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  1. #1
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    Test Cricket " murdered!"

    Test cricket “murdered”

    With the power that is the ICC, it is hard to believe that a governing body of such a sublime sport is unable to resurrect test cricket back to its former glory. The players say it is the curators preparing one sided pitches, the curators are saying it is the players unable to utilize pitches, I say it is in the hands of the powers that be, the ICC. It seems like a ploy or even a conspiracy to kill test cricket. Why you may ask? Money hungry boards and governing bodies are blinded by the success of 2020, why waste money on hosting and marketing test cricket with minimum returns when a 2020 tournament can bring the kind of cash never seen before in cricket. The people in charge are businessmen and not true cricket lovers, much like the underhand politics of world governments, the same game is being played by the ICC. They don’t care about the people, they care only for themselves.

    If test cricket was the main concern for these people, with all the technological marvels the world has been able to achieve in the last century, surely they can bring in lively pitches even to the now tarnished stadium in Sinhalese. With the kind of money being generated these days, can it really be that difficult to bring in drop in pitches from Australia, England or South Africa? If drug lords can grow weed in warehouses using special lights and temperature control to get the room atmosphere to match that of countries where it is naturally grown, can a similar approach be looked into? The ICC must proactively search for a solution. In formula 1, the rules were recently changed, all the teams were spending millions of pounds on reconfiguring the cars in order to match race rules, does the ICC need to have a similar approach by passing laws on boards to prepare better pitches and to promote test cricket? Yes some national boards are not in a state to fund for such a venture, but the ICC and two or three national boards have enough funds available to assist the less fortunate boards.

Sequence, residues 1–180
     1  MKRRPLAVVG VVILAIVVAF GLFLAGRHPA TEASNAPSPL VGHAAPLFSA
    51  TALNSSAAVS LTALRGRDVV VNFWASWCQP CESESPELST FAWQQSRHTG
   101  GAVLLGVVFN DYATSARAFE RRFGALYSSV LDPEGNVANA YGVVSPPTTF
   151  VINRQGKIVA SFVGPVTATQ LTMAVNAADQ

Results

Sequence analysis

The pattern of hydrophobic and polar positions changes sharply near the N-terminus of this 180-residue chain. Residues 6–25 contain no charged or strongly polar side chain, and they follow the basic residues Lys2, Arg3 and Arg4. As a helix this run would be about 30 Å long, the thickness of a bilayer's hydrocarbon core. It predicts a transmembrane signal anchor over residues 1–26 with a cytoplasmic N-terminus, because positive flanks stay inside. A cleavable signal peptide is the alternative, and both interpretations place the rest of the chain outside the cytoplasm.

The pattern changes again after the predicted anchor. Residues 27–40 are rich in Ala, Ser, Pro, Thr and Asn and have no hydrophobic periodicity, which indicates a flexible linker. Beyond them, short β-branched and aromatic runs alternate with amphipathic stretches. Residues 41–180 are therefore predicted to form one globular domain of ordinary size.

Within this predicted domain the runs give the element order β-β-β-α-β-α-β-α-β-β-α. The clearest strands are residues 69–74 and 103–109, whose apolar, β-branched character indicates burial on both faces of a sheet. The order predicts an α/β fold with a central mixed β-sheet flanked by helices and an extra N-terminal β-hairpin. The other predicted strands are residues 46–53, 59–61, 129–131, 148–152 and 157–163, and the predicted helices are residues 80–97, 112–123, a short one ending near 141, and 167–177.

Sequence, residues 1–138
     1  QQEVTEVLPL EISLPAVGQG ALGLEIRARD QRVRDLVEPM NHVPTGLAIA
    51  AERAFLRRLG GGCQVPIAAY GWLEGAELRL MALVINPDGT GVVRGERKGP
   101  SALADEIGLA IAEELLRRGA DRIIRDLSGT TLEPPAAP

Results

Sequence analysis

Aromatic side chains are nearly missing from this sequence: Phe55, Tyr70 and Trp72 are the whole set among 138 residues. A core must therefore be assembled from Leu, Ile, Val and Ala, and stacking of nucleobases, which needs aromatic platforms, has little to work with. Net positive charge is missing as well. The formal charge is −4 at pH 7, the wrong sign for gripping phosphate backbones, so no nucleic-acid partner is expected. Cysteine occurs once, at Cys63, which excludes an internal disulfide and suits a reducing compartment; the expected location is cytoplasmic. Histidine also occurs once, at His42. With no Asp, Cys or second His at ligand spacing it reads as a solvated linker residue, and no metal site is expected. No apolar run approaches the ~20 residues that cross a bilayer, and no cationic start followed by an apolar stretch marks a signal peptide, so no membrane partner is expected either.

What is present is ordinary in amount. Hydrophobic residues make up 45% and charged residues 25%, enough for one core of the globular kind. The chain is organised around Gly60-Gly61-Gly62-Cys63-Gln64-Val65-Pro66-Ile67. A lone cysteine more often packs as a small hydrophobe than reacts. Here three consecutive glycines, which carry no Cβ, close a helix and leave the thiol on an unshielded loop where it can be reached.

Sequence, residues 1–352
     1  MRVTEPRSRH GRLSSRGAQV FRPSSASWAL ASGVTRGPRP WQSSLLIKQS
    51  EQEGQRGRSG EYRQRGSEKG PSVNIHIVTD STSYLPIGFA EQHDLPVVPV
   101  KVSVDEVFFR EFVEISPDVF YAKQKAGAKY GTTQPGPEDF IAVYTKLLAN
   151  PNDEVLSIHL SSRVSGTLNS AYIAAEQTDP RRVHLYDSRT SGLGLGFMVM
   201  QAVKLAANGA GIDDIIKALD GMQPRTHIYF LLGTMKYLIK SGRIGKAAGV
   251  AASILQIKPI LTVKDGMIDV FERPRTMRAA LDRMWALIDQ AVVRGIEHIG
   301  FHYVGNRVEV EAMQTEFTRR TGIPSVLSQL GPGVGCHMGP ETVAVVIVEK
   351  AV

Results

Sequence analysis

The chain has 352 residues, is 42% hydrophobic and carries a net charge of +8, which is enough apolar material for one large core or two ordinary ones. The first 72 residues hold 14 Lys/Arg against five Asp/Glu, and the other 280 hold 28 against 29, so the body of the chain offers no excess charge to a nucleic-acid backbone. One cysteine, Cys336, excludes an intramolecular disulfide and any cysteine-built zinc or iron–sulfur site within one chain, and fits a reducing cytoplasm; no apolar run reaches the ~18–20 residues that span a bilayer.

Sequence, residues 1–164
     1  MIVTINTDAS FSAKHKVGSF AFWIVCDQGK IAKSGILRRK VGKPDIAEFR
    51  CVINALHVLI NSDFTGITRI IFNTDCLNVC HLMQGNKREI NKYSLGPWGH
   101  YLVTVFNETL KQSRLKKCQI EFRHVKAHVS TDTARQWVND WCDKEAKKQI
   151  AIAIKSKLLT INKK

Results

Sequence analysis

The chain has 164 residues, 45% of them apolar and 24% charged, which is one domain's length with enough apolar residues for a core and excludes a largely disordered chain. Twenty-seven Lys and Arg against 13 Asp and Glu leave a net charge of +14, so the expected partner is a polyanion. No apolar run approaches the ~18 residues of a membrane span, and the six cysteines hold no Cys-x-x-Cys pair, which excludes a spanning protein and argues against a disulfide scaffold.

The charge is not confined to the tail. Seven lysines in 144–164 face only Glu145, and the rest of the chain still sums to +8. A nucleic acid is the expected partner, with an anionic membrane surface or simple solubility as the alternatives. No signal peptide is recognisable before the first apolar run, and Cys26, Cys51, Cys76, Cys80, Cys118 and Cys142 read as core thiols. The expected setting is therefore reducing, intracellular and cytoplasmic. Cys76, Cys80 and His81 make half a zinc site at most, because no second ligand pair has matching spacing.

They have left us test lovers in the dark and forgotten about us, they are now looking for a new target audience, the type who enjoys this 2020 nonsense, who cares about us? The type who enjoys a mental challenge lasting 5 days, where the best of the best use their minds to out think the opponent, in 2020 you will never see a Mohammad Asif set up a batsman for 2 or 3 over’s by persisting with immaculate line and length before sending in the killer ball. You will never see a Mike Hussey rescue in Sydney or experience the little master in his astonishing state of mind: Sachin Tendulker engaged in a test innings, the concentration, the patience, the technique, a clear mind, lighting fast reactions being employed over and over again. What a sight! I don’t even need to mention Ashes 2005, perhaps the greatest test series ever. Let’s see a 2020 tournament match that. Is it even possible?